Remember back in the day when, while traveling, you depended on an Internet café to check email and weather? Back when you could complete a crossword puzzlein the time it took for your computer to connect to the Web over a phone line (buzz, boing-boing)? This was well before there was a weather application on your clunky flip phone; back then, “application” meant little more than something you’d fill out to be considered for a job position.
Today, no café would survive without supplying a robust (and free) WiFi connection. Providing Internet access is just the cost of doing business: it attracts customers who hang out all day long working from a computer while sipping lattes.
Some cafés are venturing into new territory with a new breed of services. Like the cat cafés, long popular in Japan (there are 40 in Tokyo!), that are just beginning to get their claws into the European and American café scenes. The purring felines offer relaxation, companionship, and a serotonin boost (mood-improver) to the stressed-out writers and entrepreneurs that sit over bright screens and dark roasts all day long.
But, for patrons who prefer to stay amped-up and plugged into the next big technology, they’ll be happy to learn about the next big thing in java huts: the 3D printing café.
Quite like the Internet has, 3D printing is changing how business is done. Used in manufacturing since the early 1990s to produce a one-off model (known as Rapid Prototyping) before committing to mass production, 3D printing technology is coming to the masses by way of service outposts, such as coffee houses.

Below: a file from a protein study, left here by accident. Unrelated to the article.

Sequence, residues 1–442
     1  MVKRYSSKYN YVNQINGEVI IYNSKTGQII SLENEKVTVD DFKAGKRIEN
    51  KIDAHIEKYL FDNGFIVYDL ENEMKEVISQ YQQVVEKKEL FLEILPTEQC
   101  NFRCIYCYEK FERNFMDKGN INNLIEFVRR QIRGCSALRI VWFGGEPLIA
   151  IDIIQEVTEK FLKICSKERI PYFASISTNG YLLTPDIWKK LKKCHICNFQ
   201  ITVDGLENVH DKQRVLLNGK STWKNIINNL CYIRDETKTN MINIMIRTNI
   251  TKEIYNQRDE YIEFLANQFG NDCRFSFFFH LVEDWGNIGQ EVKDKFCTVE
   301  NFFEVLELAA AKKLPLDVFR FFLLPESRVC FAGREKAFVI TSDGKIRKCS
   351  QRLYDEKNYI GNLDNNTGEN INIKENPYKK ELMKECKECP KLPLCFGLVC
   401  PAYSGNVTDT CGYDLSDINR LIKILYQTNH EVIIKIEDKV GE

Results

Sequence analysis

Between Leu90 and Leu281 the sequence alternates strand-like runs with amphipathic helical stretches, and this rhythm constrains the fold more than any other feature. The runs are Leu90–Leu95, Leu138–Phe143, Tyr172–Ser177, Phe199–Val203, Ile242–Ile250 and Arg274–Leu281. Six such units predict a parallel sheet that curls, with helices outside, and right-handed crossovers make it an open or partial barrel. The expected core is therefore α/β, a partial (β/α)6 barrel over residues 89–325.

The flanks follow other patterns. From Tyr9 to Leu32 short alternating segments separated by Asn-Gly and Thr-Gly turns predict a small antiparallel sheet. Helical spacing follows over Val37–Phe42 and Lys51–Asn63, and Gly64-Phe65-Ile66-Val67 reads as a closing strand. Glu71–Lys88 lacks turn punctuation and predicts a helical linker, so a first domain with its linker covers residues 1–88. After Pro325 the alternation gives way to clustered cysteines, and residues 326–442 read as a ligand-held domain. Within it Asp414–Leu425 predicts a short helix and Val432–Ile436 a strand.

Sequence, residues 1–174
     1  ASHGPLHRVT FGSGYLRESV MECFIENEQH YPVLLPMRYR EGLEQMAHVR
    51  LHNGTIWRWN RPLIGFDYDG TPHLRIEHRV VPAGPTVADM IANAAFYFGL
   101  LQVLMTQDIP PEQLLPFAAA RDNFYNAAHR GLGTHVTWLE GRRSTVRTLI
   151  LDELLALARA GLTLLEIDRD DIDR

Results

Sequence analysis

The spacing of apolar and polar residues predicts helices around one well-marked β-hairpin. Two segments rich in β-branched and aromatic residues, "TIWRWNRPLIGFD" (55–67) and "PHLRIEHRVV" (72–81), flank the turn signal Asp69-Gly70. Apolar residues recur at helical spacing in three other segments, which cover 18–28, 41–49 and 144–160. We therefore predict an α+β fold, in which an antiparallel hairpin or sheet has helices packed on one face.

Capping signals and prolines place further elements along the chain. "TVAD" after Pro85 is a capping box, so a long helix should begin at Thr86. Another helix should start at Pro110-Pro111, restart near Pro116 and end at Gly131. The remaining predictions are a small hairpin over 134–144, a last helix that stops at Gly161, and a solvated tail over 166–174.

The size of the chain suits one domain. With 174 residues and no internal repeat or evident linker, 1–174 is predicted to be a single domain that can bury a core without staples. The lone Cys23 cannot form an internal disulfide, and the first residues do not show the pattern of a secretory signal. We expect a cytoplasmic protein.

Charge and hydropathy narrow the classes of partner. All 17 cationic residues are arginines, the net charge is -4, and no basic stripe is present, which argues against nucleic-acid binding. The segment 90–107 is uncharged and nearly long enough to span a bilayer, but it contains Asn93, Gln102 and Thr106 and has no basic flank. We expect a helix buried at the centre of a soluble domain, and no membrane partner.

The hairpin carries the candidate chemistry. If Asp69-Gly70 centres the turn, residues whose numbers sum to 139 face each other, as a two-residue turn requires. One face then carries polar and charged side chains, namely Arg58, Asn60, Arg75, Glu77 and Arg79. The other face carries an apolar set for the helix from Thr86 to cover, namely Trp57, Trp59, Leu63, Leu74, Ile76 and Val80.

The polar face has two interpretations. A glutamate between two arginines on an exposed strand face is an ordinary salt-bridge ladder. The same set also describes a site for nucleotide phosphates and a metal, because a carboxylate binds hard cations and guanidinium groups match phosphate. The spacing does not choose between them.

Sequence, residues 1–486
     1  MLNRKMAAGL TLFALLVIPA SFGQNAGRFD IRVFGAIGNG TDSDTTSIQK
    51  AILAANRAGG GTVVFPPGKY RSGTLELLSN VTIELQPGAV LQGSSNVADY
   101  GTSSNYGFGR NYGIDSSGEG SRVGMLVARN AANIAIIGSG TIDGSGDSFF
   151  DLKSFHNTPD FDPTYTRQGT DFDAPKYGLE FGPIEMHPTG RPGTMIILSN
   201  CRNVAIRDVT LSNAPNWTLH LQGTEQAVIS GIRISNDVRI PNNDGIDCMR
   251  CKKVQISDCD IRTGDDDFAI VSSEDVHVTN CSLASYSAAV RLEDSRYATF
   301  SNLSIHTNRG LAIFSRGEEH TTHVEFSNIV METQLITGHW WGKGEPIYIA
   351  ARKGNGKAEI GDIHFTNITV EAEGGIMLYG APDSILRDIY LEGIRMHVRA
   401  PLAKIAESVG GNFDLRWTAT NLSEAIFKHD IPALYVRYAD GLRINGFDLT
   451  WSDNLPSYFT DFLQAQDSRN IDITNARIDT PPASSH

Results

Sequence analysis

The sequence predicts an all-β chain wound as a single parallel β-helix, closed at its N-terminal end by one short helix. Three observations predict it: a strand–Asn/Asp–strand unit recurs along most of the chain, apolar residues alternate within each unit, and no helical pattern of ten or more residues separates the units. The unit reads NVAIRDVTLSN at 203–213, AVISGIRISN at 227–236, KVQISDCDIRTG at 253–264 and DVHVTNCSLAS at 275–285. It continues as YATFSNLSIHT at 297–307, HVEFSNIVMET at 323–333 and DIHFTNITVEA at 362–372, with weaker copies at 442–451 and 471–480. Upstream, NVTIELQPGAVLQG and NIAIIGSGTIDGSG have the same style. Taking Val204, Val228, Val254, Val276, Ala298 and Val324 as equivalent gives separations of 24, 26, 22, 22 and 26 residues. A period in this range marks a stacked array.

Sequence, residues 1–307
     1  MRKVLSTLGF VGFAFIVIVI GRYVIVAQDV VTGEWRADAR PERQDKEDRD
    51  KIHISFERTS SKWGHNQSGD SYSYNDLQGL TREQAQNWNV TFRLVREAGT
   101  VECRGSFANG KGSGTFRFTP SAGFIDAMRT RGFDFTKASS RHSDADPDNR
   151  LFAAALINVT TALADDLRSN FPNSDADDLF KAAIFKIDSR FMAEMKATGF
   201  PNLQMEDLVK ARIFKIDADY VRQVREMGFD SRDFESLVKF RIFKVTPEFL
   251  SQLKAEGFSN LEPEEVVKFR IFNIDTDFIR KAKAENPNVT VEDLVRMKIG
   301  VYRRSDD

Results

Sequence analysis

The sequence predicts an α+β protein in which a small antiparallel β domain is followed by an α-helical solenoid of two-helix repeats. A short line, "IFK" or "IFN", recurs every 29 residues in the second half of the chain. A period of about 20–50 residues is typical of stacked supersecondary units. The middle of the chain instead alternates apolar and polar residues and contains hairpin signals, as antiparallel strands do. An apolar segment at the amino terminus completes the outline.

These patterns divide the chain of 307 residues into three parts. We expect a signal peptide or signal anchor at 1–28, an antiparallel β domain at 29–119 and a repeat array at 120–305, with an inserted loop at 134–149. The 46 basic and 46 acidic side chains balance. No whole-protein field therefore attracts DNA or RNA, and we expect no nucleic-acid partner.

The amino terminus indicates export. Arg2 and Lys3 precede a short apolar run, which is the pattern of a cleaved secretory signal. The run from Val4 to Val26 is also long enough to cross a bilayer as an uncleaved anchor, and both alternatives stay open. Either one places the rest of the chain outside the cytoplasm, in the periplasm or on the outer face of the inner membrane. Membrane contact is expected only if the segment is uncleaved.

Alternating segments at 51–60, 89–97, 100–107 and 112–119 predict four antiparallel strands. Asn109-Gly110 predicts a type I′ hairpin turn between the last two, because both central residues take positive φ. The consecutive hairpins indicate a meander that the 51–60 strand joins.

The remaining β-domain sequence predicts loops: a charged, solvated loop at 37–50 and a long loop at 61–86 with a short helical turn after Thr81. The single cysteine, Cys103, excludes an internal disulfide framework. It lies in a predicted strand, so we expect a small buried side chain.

The 3DLab Fab&Café in Buenos Aires, opened last August, lives up to its name as a coffee shop that also conveniently offers 3D printing. This SmartPlanet article gives a great overview of this new café concept; one that I think will be heading our way sooner than later.
On their way to becoming a common household appliance, 3D printers pop up, not just in cafés, but in stores, schools, and businesses of all sizes. The move from industrial machine to mass appliance — just like cars, telephones, televisions, computers, printers and, of course, WiFi — always makes a pit-stop at one form of community center or another, which defines today’s cafés. The next technology to follow this trajectory is likely to be immersive gaming rooms, capable of simulating any environment, from an Alpine chalet to Hogwarts’ Great Hall to the research station on Mars. Stay tuned, and stay caffeinated!
I see this as the midway point between 3D printers as industrial use and in-home fixtures. Over time, I envision these printers becoming something as ubiquitous as a desktop computer in your home office. For now, however, if you need to rapidly prototype an object, you can just head over to your local 3D printing café.